A Comparison of the Big Ten Universities

Acceptance Rates, Graduation Rates and Financial Aid Info for the Big Ten

University of Michigan Football Stadium
University of Michigan Football Stadium. allygirl520 / Flickr

The Big Ten Athletic Conference includes some of the country's top public universities as well as one of the country's top private universities. On the athletic front, these Division I schools also have many strengths. Acceptance and graduation rates, however, vary widely. The chart below puts the 14 Big Ten schools side-by-side for easy comparison.

Click on a university's name for more admission, cost, and financial aid information.

A Comparison of the Big Ten Universities
UniversityUndergrad EnrollmentAcceptance RateGrant Aid Recipients4-Year Graduation Rate6-Year Graduation Rate
Michigan State39,14366%49%51%77%
Ohio State45,28949%79%59%83%
Penn State40,74251%37%64%86%

The data presented here is from the National Center for Educational Statistics.

Undergraduate Enrollment: Northwestern University is obviously the smallest of the schools in the Big Ten while The Ohio State University is the largest. Even Northwestern, however, is a big school with over 21,000 students when graduate students are taken into consideration. Students looking for a more intimate college environment in which they will get to know their peers and professors well would do better at a liberal arts college than one of the members of the Big Ten.

But for students looking for a large, bustling campus with lots of school spirit, the conference is certainly worth serious consideration.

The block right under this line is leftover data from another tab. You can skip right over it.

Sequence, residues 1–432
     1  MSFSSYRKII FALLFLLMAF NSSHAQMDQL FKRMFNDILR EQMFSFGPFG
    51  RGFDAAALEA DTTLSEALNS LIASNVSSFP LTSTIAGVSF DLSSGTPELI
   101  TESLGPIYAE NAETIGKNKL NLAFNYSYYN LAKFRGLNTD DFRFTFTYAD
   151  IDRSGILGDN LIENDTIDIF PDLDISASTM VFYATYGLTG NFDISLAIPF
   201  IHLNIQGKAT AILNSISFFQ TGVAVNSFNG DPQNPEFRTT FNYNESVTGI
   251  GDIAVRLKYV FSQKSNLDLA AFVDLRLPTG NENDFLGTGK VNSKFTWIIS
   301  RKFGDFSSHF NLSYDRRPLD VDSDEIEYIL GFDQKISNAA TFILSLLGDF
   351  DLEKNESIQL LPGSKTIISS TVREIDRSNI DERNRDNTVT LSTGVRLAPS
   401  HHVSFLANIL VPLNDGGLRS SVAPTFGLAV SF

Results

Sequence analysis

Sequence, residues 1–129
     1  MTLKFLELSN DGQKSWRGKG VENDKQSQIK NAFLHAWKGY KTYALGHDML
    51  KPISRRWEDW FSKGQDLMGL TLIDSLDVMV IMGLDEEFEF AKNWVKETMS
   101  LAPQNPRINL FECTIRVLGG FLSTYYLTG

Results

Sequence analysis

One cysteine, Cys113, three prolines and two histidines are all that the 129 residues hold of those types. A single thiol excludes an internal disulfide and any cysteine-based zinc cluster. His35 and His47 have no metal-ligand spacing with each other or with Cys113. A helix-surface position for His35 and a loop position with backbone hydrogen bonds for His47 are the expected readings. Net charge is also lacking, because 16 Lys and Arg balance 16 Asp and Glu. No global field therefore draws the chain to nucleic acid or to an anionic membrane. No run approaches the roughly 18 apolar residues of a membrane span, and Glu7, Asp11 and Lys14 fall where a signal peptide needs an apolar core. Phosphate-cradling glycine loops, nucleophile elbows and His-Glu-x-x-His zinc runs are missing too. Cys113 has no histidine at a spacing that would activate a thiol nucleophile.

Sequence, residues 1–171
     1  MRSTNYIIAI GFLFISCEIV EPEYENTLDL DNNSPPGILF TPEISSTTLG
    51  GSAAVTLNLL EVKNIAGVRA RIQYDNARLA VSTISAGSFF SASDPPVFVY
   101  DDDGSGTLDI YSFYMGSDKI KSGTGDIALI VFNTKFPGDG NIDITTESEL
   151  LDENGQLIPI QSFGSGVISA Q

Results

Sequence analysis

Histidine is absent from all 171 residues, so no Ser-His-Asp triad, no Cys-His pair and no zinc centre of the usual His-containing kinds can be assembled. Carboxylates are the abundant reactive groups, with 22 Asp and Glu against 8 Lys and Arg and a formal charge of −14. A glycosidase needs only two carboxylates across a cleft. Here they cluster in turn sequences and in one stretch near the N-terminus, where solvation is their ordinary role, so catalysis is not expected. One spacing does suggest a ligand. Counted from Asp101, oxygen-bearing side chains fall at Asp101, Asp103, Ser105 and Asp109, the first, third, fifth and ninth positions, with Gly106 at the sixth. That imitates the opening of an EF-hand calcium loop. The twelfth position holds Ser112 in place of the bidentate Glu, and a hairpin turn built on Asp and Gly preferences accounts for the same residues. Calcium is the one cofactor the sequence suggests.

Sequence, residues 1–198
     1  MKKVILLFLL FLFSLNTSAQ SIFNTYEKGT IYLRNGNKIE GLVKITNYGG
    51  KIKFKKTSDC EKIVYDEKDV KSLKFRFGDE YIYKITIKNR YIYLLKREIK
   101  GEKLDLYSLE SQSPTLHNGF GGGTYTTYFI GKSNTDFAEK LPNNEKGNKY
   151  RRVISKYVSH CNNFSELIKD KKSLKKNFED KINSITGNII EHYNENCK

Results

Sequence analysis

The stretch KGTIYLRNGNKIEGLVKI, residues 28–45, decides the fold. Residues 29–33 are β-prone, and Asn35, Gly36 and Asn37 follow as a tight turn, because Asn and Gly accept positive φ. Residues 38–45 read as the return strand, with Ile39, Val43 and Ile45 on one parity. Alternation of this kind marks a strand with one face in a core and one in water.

Acceptance Rate: Northwestern is not just the smallest school in the Big Ten--it is also by far the most selective. You're going to need high grades and standardized test scores to get in.

Michigan is also highly selective, especially for a public institution. To get a sense of your chances of admission, check out these articles: SAT Score Comparison for the Big Ten | ACT Score Comparison for the Big Ten.

Grant Aid: The percentage of students receiving grant aid has been on the decline in recent years among most of the Big Ten schools. Iowa and Ohio State award grant aid to a sizable majority of students, but other schools don't do nearly as well. This can be a significant factor in choosing a school when Northwestern's price tag is close to $70,000 and even a public university such as Michigan cost close to $60,000 for out-of-state applicants.

4-Year Graduation Rate: We typically think of college as a four-year investment, but the reality is that a significant percentage of students do not graduate in four years. Northwestern clearly does the best at getting students out the door in four years, in a large part because the school is so selective that it enrolls students who are entering well prepared for college, often with lots of AP credits. Graduation rates should be a factor when you consider a school, for a five- or six-year investment is clearly a very different equation than a four-year investment.

That's one or two more years of paying tuition, and fewer years of earning an income. Nebraska's 33% four-year graduation rate really stands out as a problem.

6-Year Graduation Rate: There are lots of reasons why students don't graduate in four years--work, family obligations, co-op or certification requirements, and so on. For this reason, six-year graduation rates are a common measure of a school's success. The members of the Big Ten do pretty well on this front. All schools graduate at least two-thirds of students in six years, and most are above 80%. Here again Northwestern outperforms all the public universities--high cost and highly selective admissions has its benefits.